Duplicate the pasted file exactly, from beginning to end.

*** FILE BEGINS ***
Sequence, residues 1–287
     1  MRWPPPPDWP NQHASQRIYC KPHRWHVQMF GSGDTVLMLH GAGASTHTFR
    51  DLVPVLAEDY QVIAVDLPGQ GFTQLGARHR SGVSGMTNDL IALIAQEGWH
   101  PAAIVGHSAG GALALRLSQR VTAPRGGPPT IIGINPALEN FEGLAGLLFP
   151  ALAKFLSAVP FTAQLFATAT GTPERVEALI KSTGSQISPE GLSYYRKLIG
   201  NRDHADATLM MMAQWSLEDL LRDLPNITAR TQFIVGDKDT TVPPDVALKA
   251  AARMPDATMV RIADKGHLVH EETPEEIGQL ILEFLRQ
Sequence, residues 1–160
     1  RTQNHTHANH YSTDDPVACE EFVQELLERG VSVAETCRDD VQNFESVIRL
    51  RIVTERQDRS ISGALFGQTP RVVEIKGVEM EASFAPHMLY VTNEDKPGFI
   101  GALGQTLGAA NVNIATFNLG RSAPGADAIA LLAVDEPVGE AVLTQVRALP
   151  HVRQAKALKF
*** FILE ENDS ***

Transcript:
Sequence, residues 1–287
     1  MRWPPPPDWP NQHASQRIYC KPHRWHVQMF GSGDTVLMLH GAGASTHTFR
    51  DLVPVLAEDY QVIAVDLPGQ GFTQLGARHR SGVSGMTNDL IALIAQEGWH
   101  PAAIVGHSAG GALALRLSQR VTAPRGGPPT IIGINPALEN FEGLAGLLFP
   151  ALAKFLSAVP FTAQLFATAT GTPERVEALI KSTGSQISPE GLSYYRKLIG
   201  NRDHADATLM MMAQWSLEDL LRDLPNITAR TQFIVGDKDT TVPPDVALKA
   251  AARMPDATMV RIADKGHLVH EETPEEIGQL ILEFLRQ
Sequence, residues 1–160
     1  RTQNHTHANH YSTDDPVACE EFVQELLERG VSVAETCRDD VQNFESVIRL
    51  RIVTERQDRS ISGALFGQTP RVVEIKGVEM EASFAPHMLY VTNEDKPGFI
   101  GALGQTLGAA NVNIATFNLG RSAPGADAIA LLAVDEPVGE AVLTQVRALP
   151  HVRQAKALKF